Let’s hope not. Maybe there is another version of manhood. Boysen Hodgson certainly thinks so. He’s a member of the ManKind Project, which is, according to its website, “a global nonprofit charitable organisation that conducts challenging and highly rewarding programmes for men at every stage of life”. Formed nearly 30 years ago in Wisconsin, it is one of the first of an increasing number of “men’s groups” around the world that offer chaps a forum to get together and talk about being men. In response to articles on this subject, he wrote a “redefinition of masculinity for the 21st century”. He calls it “the new macho”. It identifies more than 40 traits the modern man should have. Many are commendable. Some are just plain American. You can read a selection in the box below. “One of the things the ManKind Project is most about is personal integrity, responsibility and accountability,” Hodgson tells me. “I can’t name a hero from history — Gandhi, Martin Luther King — who didn’t have their weakness. So let’s be clear about that: have compassion for each other, and hold each other accountable. “We talk about purpose, or mission, a lot, too,” he says. “We ask men how they are going to make a difference, to their family, to their wives, to their community. That’s a powerful thing — men want to make a difference. And research shows that men who live with a sense of purpose, and who have support networks, are healthier, more emotionally stable, and live longer.” So where do men — decent, Sunday Times-reading men — go from here? Perhaps the first rule of being a member of this new macho is that we stand up for ourselves, and stop letting our kind be seen as the single cause of all that’s bad in the world. “When you see these damaged men in the news, the grooming gangs or the child molesters, they’re as alien, as incomprehensible, to you and me as they are to women,” says Parsons. He is bullish about the modern male. “You could make a case that this is a golden age of masculinity,” he says. “Men are more involved in raising their children, and being genuine partners with wives and girlfriends, than ever. We understand women better than in the past. And we’re more open. My father died of lung cancer without talking about it. I’d get at least a couple of books out of it.” “We need to celebrate the modern man,” Hodgson agrees, “because we need go-getters who have drive and discipline, and can be a power for good. We live in an incredible time of opportunity, and there are lots of men — and women — out there who are going to town. There are fantastic things happening in mentoring, in antiviolence work, and there are mature men getting together to say how can we better raise our boys, to create a better society.” So let’s kick off this era of the new macho by going back to basics. I think my Welsh miner friend was on to something. Maybe we begin by occasionally asking ourselves the question put to the Chelsea and England midfielder Frank Lampard recently: Are you a good man? “Yes,” he replied. “I try to be. I think everyone should. I wouldn’t be happy if I thought I was an arsehole.” The ManKind Project UK and Ireland: uk.mkp.org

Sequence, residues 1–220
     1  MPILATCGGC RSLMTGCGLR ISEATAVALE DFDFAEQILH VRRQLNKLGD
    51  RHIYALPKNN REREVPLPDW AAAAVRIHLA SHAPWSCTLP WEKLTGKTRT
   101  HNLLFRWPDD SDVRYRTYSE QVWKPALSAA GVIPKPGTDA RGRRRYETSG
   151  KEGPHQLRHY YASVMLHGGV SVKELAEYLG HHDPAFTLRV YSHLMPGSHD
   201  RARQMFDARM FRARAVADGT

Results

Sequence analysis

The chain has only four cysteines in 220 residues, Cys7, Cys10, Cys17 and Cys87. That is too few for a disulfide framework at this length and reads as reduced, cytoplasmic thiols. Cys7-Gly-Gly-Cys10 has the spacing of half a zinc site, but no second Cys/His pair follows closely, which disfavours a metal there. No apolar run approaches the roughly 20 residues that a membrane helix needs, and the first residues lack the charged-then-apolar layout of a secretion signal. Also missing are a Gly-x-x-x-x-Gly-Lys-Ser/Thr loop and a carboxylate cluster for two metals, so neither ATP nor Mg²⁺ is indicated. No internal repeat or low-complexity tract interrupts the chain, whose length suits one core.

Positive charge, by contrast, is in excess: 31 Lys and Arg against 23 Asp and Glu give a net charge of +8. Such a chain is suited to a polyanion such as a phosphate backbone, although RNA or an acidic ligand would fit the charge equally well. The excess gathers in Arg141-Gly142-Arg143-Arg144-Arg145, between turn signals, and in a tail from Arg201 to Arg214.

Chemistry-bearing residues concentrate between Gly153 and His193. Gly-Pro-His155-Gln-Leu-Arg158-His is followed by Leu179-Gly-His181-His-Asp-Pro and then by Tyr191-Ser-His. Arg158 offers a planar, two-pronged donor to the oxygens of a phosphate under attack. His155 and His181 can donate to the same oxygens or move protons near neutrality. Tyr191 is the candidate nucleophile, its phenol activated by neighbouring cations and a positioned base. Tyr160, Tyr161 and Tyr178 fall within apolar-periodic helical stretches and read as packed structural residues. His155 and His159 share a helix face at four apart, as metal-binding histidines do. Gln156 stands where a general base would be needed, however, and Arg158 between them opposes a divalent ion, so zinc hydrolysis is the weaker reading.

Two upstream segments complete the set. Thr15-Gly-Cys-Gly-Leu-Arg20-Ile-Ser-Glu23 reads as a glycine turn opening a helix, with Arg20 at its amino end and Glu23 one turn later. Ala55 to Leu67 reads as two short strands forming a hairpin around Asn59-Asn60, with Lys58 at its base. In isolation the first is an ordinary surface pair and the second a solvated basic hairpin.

Rules of engagement, according to the ManKind Project — He is a role model for young men — He is rigorously honest and fiercely optimistic — He holds himself accountable — He knows how to rage without hurting others — He cleans up the planet
— He knows how to listen — He loves with fierceness — He knows his higher purpose
Every woman's dream — He drinks but never gets drunk. — He has a well-developed protective instinct, as in the arm flung across the passenger seat in the event of a sudden stop. — He can carry off fur trims, designer flip-flops, hair ties and hairbands, jewellery, cashmere hoodies and a man bag. Although, clearly, not all at once. — He can look after three kids on his own, and return home with all their toys, shoes, towels and only one case of sunburn (his). — He doesn’t get cramp in his neck during the man-on-man action in Game of Thrones and is interested to see the new Liberace film. — He has a good working knowledge of the female anatomy, can spot the stirrings of PMT several days before you can, and is the one to blow the whistle when a lump turns up in the wrong place. — He makes sure women come first in the bedroom and is happy to take instructions. (See the one-nightstand policeman in The Fall.) — He is open to yoga and meditation, Pilates and hypnotherapy, swimming with sharks and t’ai chi. — He finds strong women sexy. — He can do basic DIY and plumbing. — He has muscle, not slabs of it, but some. — He notices cherry blossom, quality women’s shoes, a new haircut and can tell something is wrong without you having to make the Nurse Ratched face. — He can buy presents without consulting his secretary/sister. — He is not scared to buy you underwear in M&S in an emergency — but will not step inside Farrow & Ball in any circs. — He considers the dustbins his department, but can also put flowers in a vase in a crisis. — He can cook a perfectly good meal with no fuss and will not flap when there is no white balsamic/saffron/purple basil. Shane Watson